\item
$(\lnot\phi)_t^x$ is $\lnot(\phi_t^x)$, and $(\phi\Bcon\psi)_t^x$ is
$\phi_t^x\Bcon\psi_t^x$.
\item
$(\Quant x\phi)_t^x$ is $\Quant x\phi$.
\item
If $y$ is not $x$ and does not appear in $t$, then $(\Quant
y\phi)_t^x$ is $\Quant y\phi_t^x$.
\item
If $y$ is not $x$, but $y$ does appear in $t$, then $(\Quant
y\phi)_t^x$ is $\Quant
z(\phi_z^y)_t^x$, where $z$ is a variable that does not appear in
$t$ or $\phi$.
\end{enumerate}
If $\phi$ is $\phi(x)$, then $\phi_t^x$
can be denoted
\begin{equation*}
\phi(t).
\end{equation*}
\end{definition}
The
point is that if, for example, $\phi$ is $\psi(x)\land\Exists
x\chi(x)$, then $\phi(A)$ is $\psi(A)\land\Exists x\chi(x)$.
Alternatively, $\phi$ might be $\Exists y(\psi(x)\land\chi(y))$, in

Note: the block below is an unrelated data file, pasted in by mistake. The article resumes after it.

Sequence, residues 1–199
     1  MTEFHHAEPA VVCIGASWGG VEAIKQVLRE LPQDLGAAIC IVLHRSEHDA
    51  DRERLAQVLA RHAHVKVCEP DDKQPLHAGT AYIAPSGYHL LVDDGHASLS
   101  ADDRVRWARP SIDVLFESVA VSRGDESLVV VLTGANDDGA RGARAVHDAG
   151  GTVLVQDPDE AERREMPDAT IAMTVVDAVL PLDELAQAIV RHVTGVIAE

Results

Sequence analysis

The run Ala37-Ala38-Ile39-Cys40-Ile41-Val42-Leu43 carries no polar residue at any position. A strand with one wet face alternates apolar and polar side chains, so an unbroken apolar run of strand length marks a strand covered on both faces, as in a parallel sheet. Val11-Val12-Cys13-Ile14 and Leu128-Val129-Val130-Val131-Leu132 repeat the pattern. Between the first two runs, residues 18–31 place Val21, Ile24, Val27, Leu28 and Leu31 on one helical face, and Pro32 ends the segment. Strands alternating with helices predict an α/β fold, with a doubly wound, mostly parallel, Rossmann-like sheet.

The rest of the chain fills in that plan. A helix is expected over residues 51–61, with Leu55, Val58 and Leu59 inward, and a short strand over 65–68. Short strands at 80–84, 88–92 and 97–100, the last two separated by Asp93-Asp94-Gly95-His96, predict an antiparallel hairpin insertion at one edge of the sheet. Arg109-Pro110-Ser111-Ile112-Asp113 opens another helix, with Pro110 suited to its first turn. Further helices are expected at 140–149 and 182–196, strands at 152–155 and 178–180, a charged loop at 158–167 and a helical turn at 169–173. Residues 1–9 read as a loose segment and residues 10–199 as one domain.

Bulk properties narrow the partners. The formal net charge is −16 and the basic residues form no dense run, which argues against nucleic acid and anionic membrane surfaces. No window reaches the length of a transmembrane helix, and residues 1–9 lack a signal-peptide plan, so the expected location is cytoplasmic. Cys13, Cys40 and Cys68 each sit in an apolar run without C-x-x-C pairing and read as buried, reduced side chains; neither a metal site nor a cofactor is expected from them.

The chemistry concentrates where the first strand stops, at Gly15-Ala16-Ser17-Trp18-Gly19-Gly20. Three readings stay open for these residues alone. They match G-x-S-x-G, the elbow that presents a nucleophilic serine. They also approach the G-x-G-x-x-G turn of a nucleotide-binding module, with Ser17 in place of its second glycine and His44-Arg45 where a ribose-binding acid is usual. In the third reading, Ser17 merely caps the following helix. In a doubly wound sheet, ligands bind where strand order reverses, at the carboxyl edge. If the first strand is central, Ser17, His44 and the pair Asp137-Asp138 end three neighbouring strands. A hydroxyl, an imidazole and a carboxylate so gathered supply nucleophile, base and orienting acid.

which case $\phi(y)$ is $\Exists z(\psi(y)\land\chi(z))$, not $\Exists
y(\phi(y)\land\chi(y))$.
The sets with the property given by $\phi(x)$ compose a
\defn{class}, denoted
\begin{equation}%\label{eqn:class}
\{x: \phi(x)\}.
\end{equation}
This is the class of sets that \defn{satisfy} $\phi$, the class of $x$
such that $\phi(x)$. But not every class is a set; not every class
is a unity to the extent that it can be considered as a member of
sets:
\begin{theorem}[Russell Paradox]
The class $\{x:x\notin x\}$ is not a set.
\end{theorem}
\begin{proof}
Suppose $A$ is a set such that
\begin{equation}\label{eqn:Russell}
x\in A\implies x\notin x
\end{equation}
for all sets $x$. Either $A\notin A$ or $A\in A$, but in the
latter case, by \eqref{eqn:Russell}, we still have $A\notin A$.
Therefore $A$ is a member of $\{x:x\notin x\}$, but not of $A$ itself; so
\begin{equation*}